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Passing Permanence: Reversible Building Practices in the U.S.

Buildings are not permanent. The current lack of life-cycle design and expectation for buildings to last indefinitely leads to a loss of “technical nutrient” potential. Sustainability, as the ability to maintain a process over time, can be achieved through the reduction of waste, the continued reuse of materials and the support of their longevity. To recapture the potential of a building and remove the ecologically harmful effects of permanence that occur after the building is no longer needed, the production, construction, use and demolition of architecture should ‘leave minimal trace’ on its building materials and site.
Architecture should not be destructive. An architecture that leaves minimal trace does not have to employ highly engineered componentry and new modular solutions that restrict design outcomes, but rather can modify existing techniques and tectonic understandings to remove wasteful practices that intentionally degrade or destroy material resources. Minimal trace architecture simultaneously upholds the health of its materiality through the redefinition of connection types while supporting its site and larger context through the removal of systemic inefficiencies and unnecessary permanently-intended change.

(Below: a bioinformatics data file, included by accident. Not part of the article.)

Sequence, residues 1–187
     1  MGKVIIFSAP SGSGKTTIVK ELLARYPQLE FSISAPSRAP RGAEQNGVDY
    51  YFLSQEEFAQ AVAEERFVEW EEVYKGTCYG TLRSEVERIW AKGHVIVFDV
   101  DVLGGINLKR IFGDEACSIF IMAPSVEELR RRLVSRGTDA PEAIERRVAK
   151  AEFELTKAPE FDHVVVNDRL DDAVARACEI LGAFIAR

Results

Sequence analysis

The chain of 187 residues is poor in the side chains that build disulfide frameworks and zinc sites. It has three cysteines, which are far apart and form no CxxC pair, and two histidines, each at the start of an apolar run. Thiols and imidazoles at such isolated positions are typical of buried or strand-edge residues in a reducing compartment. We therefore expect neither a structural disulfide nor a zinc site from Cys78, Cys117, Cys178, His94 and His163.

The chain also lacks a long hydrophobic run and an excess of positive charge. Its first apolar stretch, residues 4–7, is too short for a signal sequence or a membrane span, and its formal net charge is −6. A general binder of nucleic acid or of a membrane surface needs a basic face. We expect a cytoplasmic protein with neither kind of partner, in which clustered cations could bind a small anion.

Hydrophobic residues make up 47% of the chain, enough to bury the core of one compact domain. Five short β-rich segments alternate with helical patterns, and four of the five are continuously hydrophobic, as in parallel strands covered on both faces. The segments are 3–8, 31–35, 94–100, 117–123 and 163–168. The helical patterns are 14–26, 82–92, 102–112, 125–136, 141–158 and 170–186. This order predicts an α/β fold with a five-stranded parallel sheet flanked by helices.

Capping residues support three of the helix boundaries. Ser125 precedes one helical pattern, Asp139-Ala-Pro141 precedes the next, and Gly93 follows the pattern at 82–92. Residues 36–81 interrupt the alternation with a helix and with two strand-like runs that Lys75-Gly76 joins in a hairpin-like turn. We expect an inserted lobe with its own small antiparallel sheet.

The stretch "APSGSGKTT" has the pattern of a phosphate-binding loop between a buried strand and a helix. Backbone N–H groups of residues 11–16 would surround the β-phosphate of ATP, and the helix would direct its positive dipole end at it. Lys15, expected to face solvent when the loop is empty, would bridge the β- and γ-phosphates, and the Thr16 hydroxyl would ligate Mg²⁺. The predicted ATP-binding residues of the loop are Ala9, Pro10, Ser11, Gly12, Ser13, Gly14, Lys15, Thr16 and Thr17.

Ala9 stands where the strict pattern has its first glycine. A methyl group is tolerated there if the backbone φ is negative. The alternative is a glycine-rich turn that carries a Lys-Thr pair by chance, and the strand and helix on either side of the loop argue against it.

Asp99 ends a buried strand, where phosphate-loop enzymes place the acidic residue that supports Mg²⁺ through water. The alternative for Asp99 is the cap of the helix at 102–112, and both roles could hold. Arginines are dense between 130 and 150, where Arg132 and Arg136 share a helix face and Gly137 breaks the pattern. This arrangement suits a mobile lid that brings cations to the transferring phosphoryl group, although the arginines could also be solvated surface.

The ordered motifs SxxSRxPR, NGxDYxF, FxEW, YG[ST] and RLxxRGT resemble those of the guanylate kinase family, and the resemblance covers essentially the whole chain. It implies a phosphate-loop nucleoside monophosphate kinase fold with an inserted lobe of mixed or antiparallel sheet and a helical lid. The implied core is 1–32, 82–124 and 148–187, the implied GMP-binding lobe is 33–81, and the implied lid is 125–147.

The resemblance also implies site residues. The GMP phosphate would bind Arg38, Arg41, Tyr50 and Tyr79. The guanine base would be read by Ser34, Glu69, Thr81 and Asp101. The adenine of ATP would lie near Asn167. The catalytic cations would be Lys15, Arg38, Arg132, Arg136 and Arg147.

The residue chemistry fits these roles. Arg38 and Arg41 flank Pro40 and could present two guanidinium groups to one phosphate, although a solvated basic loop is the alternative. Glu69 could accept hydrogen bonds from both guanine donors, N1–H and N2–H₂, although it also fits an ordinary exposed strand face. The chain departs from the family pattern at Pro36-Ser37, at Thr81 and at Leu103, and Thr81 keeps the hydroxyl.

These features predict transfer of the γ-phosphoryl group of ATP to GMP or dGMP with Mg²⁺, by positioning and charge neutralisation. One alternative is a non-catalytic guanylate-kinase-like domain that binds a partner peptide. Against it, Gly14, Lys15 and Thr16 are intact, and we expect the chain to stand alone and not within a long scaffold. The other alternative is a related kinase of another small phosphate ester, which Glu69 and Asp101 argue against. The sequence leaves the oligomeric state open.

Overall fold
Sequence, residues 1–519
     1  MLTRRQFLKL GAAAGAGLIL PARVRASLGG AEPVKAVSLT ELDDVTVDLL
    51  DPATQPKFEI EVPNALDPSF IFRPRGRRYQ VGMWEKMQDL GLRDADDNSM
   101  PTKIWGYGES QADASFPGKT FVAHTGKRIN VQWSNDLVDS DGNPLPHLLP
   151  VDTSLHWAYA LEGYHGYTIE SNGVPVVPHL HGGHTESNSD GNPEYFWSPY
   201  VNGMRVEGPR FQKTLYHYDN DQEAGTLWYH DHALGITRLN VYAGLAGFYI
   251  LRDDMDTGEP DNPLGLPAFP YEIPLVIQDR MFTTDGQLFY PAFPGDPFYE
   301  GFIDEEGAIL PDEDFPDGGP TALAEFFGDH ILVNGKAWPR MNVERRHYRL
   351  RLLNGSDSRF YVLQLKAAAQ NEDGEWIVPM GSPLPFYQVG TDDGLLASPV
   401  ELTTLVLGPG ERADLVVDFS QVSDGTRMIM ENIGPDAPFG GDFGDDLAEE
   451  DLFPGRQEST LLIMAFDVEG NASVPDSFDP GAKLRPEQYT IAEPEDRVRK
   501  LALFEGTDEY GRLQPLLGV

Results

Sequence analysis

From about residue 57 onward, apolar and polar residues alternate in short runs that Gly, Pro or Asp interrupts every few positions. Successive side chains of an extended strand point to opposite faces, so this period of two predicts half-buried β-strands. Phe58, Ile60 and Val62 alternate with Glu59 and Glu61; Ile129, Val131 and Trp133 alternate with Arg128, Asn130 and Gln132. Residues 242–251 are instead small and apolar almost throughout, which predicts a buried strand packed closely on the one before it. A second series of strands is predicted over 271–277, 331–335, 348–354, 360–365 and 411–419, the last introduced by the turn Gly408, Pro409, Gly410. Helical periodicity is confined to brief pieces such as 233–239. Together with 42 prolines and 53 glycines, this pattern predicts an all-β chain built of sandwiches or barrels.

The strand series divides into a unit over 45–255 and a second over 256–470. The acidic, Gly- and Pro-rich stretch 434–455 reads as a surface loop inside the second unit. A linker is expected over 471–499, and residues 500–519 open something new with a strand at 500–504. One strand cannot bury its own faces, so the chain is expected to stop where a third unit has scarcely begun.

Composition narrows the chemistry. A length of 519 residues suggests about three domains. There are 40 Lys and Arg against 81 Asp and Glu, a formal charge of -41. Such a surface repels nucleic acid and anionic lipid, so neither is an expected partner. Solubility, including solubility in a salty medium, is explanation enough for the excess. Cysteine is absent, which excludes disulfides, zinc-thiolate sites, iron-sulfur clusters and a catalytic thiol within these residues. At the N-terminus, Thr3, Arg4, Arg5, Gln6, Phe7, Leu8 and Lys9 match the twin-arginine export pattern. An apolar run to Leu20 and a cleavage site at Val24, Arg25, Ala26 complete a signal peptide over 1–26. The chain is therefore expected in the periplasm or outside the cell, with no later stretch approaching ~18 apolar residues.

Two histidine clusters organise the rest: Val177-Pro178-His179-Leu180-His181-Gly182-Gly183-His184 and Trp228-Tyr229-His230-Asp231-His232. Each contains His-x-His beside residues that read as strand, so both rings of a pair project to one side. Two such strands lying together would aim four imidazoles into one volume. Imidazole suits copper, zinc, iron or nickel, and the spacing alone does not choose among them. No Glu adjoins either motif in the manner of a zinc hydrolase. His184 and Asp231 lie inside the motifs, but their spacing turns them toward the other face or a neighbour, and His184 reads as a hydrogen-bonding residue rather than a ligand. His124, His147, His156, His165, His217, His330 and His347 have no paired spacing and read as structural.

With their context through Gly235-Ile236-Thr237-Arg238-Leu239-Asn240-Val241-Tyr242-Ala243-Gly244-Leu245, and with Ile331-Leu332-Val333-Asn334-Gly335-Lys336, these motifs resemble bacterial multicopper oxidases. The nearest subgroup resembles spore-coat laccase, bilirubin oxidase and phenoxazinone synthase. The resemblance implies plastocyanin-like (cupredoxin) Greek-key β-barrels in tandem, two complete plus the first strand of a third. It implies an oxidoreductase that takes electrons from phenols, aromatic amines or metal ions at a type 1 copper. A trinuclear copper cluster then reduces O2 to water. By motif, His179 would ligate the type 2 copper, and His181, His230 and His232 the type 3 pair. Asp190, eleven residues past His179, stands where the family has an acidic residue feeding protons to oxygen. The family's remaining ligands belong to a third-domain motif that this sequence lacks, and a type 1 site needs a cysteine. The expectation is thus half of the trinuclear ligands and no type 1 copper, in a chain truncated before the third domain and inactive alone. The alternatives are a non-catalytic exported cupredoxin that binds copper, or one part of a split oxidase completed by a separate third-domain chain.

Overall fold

To investigate the applicability and feasibility of minimal-trace architecture, the project attempts to reimagine recent permanently-intended constructions as temporary buildings capable of fully yielding any-to-all materials during deconstruction for reuse. The focus of the investigation will be on designing new ways of component connection that allows for reversible construction with existing standardize materials, designing the relationship between the built form and the Earth to minimize ecological damage, and designing new forms of integration between the building and existing local infrastructure that allows for the temporary existence of a building and its program.








Aaron Baldwin

Aaron is now a master’s student at Lawrence Tech, to be completed in the summer of 2023. His studies have influenced his focus on sustainable design, and how architecture must become less wasteful. Aaron also completed his undergraduate degree at Lawrence Tech, and spent time as president of the local AIAS chapter, where he used the leadership opportunity to empower architecture students both inside and outside the classroom. Aaron is currently working full time at Studio Detroit Architects as an architectural designer. In the future, he hopes to incorporate his studies and sustainable background into his professional practice in order to address the negative impact architecture has on the environment.

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